LEEDers of the Pack
These CCIMs found even more ways to go green
As sustainable design gains a foothold in the commercial real estate sector, many industry professionals see this as a chance to become knowledgeable on all things green. While buildings can earn the U.S. Green Building Council’s Leadership in Energy and Environmental Design certification, commercial real estate pros also can earn the LEED Professional Accreditation designation.
Commercial Investment Real Estate spoke with these five CCIMs to learn why they pursued the USGBC’s professional green building accreditation.
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Why did you decide to pursue the LEED AP accreditation?
Gunderson: For me, it was my long-standing interest in sustainable living. Our industry has the potential to effect change, and I felt compelled to be a part of this positive action.
Jeppesen: I decided that sustainability was something I wanted to incorporate into my practice. I was involved with five building projects in the mid-1990s that implemented some green features and thought that it was a smart approach for the environment and that it could potentially increase marketing opportunities.
Wong: Every time I picked up a magazine or newspaper there was an article about the need to build green and today many state and local leaders are beginning to take notice. Arizona’s three state universities have pledged to go green. [The cities of] Tucson and Oro Valley, Ariz., also have adopted policies that new buildings must meet LEED standards. With all this interest -- my own, my colleagues, investors, clients, and friends -- I decided it was time to learn more about building green.
Livingston: USGBC, LEED, and sustainable practices have become common buzzwords in the development field over the past few years. I attended a class on sustainable development so I could talk knowledgeably with architects, contractors, engineers, planning officials, brokers, and end users about the LEED certification process, operation savings, and environmental benefits. I also read Greed to Green by David Gottfried, founder of the USGBC.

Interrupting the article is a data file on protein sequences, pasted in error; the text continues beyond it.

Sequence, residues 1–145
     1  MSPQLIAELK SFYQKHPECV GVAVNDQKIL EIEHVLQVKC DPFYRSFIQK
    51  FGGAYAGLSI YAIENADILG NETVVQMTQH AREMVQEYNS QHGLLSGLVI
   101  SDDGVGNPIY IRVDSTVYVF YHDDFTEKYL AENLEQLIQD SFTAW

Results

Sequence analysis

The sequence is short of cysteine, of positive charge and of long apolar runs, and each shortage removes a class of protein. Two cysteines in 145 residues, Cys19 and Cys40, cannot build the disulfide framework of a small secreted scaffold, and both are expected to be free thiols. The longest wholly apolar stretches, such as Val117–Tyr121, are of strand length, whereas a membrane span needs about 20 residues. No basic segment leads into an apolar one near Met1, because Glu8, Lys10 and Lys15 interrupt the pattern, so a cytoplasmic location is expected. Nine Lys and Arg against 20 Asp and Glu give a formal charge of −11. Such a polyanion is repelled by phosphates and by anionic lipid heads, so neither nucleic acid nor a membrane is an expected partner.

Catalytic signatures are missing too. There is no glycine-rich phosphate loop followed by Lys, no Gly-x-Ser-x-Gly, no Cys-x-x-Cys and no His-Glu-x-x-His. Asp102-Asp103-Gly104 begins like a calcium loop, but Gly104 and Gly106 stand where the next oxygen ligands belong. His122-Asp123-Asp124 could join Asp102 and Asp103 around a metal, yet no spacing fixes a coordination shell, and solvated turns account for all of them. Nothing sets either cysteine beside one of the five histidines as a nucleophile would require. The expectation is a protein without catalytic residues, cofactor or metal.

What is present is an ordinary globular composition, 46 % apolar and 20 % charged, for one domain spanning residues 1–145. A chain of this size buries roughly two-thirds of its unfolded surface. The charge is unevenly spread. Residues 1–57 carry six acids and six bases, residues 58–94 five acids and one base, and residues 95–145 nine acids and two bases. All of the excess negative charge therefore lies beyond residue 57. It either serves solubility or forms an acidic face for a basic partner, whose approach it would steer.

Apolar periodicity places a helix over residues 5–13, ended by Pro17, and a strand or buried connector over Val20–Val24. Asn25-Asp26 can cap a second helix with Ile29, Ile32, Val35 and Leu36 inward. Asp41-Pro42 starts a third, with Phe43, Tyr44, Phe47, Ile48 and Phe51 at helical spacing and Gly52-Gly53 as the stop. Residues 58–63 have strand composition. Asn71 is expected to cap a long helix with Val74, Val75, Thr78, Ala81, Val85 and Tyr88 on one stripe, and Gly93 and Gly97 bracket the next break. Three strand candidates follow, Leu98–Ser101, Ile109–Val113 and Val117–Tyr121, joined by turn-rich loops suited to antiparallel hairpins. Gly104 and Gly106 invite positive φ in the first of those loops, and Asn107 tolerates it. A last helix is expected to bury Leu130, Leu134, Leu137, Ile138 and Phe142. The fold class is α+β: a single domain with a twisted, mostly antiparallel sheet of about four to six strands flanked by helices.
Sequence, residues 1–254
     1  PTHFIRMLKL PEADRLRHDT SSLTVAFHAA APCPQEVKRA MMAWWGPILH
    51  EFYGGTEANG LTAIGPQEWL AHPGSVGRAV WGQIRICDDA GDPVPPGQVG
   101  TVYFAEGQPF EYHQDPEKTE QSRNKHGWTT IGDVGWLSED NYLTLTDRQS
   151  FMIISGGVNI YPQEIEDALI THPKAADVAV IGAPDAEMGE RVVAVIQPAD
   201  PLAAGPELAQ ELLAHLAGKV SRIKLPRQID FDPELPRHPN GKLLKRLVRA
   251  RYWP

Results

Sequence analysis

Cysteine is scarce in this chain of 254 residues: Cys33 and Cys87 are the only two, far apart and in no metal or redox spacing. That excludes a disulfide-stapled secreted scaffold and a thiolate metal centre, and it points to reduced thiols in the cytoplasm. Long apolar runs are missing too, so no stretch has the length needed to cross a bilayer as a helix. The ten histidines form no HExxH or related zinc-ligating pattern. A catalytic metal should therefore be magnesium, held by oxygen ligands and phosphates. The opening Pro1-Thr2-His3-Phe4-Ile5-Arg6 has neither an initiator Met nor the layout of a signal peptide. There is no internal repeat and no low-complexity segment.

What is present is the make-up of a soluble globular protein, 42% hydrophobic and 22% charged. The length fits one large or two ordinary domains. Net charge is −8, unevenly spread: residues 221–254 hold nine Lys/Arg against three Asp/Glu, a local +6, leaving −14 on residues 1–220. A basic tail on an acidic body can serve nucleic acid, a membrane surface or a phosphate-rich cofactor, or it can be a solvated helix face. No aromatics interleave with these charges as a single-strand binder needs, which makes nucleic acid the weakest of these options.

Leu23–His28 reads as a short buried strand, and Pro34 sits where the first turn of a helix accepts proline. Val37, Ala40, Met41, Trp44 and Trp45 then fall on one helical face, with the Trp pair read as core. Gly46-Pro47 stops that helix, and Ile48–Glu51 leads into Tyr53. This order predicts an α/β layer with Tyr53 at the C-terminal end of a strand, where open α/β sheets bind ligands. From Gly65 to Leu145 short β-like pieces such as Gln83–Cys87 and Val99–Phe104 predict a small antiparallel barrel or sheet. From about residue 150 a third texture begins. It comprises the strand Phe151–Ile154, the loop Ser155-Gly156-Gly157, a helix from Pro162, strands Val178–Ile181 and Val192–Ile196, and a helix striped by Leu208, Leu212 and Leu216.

I was surprised to learn the sustainability movement is not against development, that a green building design does not necessarily need to cost more than a traditional building, and that when designed correctly, these buildings can operate much more efficiently, producing savings that can offset initial investments or go straight to the bottom line.
I also managed the development process for a LEED building that was precertified gold through the USGBC’s core and shell pilot program. To understand the nuances of a green building and interpret what the architect and environmental consultants were presenting during the design process, I felt I really needed to go through the process of becoming a LEED AP.
Murphy: I was pursing my master’s in real estate from the University of Denver, and one of their specialized courses was on sustainable buildings. One of the course requirements was to complete three research papers on the topic or pass the LEED AP test. This course provided considerable insight into the green building concept and knowledge to assist me in understanding the possible benefits of increasing value in the real property improvements.